China's global trade surplus broadened by 36.1% over the year before to USD 79.4 billion. China's trade weakened in August as high energy prices, inflation, and anti-virus actions weighed on global and Chinese buyer demand, while imports of Russian oil and gas surged.
Exports increased 7% over a year ago to USD 314.9 billion, decelerating from July's 18% expansion, customs data showed Wednesday. Imports contracted by 0.2% to USD 235.5 billion, compared with the previous month's already weak 2.3% growth.
Demand for Chinese exports has eased as Western economies cool and the Federal Reserve and central banks in Europe and Asia raise interest rates to contain surging inflation.
The slowdown in China's Export Import
sector is adding to headwinds for the Chinese economy, expressed Rajiv Biswas of S&P Global Market Intelligence in a report. The lack of import expansion highlights the continued weakness of Chinese domestic demand.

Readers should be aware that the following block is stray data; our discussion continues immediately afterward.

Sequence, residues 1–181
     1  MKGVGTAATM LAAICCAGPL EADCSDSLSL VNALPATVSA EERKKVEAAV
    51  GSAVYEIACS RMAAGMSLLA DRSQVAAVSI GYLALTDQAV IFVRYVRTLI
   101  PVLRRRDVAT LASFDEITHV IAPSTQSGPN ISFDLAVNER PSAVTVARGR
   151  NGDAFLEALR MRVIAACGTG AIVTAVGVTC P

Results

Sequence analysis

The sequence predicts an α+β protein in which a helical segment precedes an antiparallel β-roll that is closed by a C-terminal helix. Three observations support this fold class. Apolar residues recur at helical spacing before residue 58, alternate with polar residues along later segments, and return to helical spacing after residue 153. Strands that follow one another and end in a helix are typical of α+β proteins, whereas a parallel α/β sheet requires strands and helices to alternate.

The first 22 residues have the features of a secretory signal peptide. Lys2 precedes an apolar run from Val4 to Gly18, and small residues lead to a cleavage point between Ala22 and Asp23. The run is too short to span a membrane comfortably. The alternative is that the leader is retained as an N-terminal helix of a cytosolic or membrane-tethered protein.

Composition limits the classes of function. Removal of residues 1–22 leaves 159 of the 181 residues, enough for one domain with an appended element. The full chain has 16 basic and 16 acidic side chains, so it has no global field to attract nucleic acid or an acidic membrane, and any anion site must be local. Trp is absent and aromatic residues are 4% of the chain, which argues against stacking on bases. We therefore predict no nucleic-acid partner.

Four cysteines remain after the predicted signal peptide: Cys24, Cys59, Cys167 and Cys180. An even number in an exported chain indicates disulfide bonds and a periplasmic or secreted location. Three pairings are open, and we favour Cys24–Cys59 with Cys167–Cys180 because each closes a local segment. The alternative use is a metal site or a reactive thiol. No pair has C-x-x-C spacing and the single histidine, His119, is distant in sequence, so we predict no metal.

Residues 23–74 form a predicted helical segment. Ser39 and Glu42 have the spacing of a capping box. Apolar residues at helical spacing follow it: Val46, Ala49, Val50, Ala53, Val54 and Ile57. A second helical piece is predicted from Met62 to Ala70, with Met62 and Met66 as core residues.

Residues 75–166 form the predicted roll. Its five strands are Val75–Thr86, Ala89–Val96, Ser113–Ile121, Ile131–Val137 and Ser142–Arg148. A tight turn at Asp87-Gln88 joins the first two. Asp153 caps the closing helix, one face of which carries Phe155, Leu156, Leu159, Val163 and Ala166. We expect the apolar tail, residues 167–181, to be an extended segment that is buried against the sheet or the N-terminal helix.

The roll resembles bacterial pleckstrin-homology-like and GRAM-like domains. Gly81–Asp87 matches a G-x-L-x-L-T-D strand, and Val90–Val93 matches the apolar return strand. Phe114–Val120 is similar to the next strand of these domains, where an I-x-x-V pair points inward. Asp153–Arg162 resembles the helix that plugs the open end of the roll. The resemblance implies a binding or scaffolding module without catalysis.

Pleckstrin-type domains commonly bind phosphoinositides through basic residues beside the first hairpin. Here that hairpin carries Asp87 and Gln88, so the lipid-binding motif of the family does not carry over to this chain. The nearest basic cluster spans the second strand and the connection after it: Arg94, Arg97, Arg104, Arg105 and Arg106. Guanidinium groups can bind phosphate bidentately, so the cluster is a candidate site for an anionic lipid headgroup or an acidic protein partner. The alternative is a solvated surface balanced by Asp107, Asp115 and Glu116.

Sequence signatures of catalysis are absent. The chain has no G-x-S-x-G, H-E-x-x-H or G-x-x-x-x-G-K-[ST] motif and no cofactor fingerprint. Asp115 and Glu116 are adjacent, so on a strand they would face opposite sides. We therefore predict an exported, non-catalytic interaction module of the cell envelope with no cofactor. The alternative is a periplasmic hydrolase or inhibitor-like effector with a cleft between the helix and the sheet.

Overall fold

Further, growth in the world's second-largest economy dropped to 2.5% in the first half of 2022, less than half the ruling Communist Party's 5.5% annual target, after Shanghai and other industrial centers were shut down to battle virus outbreaks. China's global trade surplus enlarged by 36.1% over a year earlier to USD 79.4 billion.
Exports to the United States sank 3.8% from a year ago to USD 49.8 billion while imports of American goods dropped 7.3% to USD 13 billion. The politically sensitive trade surplus with the United States that supported to spark off a tariff war narrowed by 2.4% to USD 36.7 billion.